2) If deleting the pyramids is no good, try re-building them. Same steps as in 1), but use -1 for Pyramid levels to build full pyramids.
You might also make sure that you've calculated statistics on the clipped raster, which can affect some display options.
I suppose the clipped raster is too large to share?
Thanks again...this gives me an opportunity to explore a different angle to this problem. I will work on this today and see what happens. The latest version of the clipped images is 1 GB...it's a fraction of the original (10 cm resolution), so if I could share that somehow I would. However, I did take a peek at it using the "Zoom to Source Resolution" and it pretty well substantiates my observation on the coarseness disappearing when zoomed in. The clipped image is to the right of the red line:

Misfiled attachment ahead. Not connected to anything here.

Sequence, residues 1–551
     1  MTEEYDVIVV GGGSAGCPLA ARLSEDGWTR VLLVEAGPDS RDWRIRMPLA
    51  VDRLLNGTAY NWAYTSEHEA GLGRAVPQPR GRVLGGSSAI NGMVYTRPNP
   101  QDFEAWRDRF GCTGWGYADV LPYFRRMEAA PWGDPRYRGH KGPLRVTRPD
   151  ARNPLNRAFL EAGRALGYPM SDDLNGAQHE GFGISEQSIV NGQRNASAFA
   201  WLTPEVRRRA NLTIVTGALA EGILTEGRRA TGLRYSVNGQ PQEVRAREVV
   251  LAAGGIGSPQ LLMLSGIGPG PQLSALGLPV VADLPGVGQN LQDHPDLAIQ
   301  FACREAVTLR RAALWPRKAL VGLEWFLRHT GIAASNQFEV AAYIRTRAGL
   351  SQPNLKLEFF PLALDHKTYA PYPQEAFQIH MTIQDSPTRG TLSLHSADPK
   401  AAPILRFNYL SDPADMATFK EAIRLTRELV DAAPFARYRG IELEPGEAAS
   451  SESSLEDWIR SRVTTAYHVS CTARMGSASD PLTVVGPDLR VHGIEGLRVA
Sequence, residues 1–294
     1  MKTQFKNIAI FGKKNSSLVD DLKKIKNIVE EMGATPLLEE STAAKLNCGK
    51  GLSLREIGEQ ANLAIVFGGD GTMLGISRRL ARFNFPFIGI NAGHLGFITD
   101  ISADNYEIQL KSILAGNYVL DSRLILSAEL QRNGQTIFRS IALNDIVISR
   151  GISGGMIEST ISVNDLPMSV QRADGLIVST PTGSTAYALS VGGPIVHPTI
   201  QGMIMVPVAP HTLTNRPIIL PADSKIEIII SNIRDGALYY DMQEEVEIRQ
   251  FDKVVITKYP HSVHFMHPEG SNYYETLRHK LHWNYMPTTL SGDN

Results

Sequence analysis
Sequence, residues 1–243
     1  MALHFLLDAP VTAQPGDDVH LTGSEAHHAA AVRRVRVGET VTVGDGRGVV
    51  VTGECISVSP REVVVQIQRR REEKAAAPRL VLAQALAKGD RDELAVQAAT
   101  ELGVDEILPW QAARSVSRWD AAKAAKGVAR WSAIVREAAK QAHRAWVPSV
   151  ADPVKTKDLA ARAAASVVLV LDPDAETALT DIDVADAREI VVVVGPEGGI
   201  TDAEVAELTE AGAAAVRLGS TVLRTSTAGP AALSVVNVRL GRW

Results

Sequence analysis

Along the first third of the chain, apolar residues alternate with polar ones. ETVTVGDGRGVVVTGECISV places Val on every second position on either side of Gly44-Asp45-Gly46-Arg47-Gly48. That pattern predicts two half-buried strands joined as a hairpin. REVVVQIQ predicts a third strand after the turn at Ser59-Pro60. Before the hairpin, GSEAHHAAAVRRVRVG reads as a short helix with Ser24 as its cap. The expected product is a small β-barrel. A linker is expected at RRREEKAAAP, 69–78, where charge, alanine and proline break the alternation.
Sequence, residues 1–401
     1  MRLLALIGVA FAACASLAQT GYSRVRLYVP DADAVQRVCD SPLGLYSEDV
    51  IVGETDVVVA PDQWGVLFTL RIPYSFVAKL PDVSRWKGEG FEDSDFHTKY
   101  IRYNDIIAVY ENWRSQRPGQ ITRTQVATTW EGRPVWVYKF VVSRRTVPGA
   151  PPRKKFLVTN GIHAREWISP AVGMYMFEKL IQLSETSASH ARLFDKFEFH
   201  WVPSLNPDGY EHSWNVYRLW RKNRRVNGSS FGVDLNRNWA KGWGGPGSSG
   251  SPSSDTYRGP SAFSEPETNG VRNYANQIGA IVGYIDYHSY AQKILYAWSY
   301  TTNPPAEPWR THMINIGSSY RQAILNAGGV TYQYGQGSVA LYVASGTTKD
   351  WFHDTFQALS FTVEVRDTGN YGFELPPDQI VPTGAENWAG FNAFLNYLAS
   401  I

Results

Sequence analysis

This is a snapshot of what it looks like when I zoom out to 1:30,000 scale:
I have 192 original TIFF files that pieced together form our orthophoto. Each TIFF is simply named after the NW corner of a UTM coordinate, so it was fairly simple to find the right TIFF files (there are 9 of them for the area I was trying to clip). Why I cannot clip or export the raster to a new GDB is beyond me.
So what I did was create a new Mosaic using those 9 TIFF images, but instead of using an 8-bit unsigned pixel type I used a 64-bit instead, and it works perfectly. The new image is virtually indistinguishable from the original:
Now I have a format that I can share with our 3rd party...a clip would have been so much easier though.
The one thing that bothers me about Mosaics though is that periodically the Mosaic path gets corrupted, and then one has to fix that, which can be a pain as it doesn't always work.